Nancy Tapia: Right. I do have to compliment on, I mean there’s the seriousness of the film, but yes, like you mentioned, there was a little bit of humor, of comedy. That was very cute, the way that was integrated there. Who was the, pretty much the one of both of you guys in directing that part or was it both together?

Lisa Barros D’Sa: Well, humor was always a big part of this storytelling. There was in the tonality of the piece which is hugely important to us we always talk a lot about the tone of the piece when we are developing a film. And in this we were always very clear that as well as talking about tough subject matter, the way we were going to talk about it was through this very vibrant, light-hearted, joyous relationship in many ways and this is a couple who are going to find those moments of wit and humor even when they’re facing this kind of, these kind of events. And so it was always in the DNA of the piece, then it’s in the script. And it was very easy to bring out with the talent of these beautiful actors who could bring those nuances so seemingly effortlessly to the screen.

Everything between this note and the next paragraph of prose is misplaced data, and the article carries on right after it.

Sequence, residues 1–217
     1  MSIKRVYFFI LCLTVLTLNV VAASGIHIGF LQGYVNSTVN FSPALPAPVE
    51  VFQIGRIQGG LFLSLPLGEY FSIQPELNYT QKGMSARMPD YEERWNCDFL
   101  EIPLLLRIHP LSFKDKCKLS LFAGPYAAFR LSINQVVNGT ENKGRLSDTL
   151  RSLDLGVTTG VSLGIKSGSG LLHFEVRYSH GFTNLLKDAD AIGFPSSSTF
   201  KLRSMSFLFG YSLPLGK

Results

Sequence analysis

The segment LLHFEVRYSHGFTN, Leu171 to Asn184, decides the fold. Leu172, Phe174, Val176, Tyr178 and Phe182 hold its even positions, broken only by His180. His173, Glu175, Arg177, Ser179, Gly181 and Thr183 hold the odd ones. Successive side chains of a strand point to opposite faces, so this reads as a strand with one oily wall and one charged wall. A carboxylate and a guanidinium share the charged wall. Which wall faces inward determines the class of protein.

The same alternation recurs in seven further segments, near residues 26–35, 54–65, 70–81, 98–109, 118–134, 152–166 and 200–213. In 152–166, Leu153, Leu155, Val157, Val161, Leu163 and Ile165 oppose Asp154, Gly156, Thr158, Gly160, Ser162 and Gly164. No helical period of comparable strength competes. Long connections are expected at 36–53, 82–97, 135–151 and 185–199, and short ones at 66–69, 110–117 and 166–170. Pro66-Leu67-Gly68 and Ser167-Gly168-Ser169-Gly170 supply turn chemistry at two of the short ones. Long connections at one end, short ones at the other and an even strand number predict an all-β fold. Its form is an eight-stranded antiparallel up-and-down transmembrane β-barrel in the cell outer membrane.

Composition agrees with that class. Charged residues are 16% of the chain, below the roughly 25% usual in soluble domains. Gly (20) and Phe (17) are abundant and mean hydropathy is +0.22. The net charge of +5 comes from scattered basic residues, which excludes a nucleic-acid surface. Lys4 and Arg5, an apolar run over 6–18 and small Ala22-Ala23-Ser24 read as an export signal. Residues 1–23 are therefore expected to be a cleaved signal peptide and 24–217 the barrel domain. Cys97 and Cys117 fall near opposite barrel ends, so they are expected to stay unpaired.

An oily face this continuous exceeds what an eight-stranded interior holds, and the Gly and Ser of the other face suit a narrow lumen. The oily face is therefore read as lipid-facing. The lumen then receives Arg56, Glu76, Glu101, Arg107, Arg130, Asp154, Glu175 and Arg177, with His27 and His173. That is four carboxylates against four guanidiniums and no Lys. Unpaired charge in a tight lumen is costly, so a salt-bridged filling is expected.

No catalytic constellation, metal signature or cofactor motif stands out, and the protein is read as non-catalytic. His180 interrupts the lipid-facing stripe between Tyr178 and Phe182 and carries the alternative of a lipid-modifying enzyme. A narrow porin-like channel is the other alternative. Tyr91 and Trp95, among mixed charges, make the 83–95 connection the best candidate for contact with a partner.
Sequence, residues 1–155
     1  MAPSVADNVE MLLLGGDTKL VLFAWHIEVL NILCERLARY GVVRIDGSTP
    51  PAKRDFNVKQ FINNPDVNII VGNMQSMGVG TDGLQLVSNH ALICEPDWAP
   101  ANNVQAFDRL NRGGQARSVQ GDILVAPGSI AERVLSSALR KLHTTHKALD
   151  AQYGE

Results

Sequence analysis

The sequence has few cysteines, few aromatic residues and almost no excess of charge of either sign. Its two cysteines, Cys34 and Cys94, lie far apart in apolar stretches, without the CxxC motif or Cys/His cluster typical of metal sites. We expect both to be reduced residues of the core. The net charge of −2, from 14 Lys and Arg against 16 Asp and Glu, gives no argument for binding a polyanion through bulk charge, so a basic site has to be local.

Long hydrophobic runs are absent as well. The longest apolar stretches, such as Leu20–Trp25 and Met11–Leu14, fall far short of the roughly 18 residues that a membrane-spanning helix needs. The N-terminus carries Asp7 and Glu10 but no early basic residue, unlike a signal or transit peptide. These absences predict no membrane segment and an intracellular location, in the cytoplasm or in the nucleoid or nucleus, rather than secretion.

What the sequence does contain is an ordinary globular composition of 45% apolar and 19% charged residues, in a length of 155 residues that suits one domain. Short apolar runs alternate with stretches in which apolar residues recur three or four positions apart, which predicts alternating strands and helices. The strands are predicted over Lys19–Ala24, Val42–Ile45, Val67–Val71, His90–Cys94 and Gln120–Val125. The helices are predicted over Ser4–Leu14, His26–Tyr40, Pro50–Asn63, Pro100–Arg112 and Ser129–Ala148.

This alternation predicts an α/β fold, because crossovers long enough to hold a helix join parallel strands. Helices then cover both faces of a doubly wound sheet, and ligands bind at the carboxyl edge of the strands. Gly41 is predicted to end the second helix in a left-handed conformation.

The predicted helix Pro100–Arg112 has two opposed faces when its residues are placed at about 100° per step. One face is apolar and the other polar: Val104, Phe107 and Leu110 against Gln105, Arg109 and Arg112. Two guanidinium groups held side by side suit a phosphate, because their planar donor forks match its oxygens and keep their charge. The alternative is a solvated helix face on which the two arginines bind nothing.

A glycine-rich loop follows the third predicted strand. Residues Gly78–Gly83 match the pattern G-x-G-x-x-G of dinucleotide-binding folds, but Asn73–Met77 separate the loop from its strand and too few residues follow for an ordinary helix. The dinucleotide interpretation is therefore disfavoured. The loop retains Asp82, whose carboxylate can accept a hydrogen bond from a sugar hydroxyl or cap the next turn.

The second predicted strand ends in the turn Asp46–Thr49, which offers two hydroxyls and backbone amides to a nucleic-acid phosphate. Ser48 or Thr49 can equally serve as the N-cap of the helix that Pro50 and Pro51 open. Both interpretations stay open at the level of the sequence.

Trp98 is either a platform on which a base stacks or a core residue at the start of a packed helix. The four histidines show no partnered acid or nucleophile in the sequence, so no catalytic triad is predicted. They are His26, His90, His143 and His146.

Nancy Tapia: I was going to ask you about that, about the talent. I mean, you got great, great cast: Liam Neeson, Lesley Manville and the one where I was kind of like, well this is interesting to see it Liam Neeson in this kind of role when you’re used to seeing him in action and, and going after the bad guy. How did he come up for this role?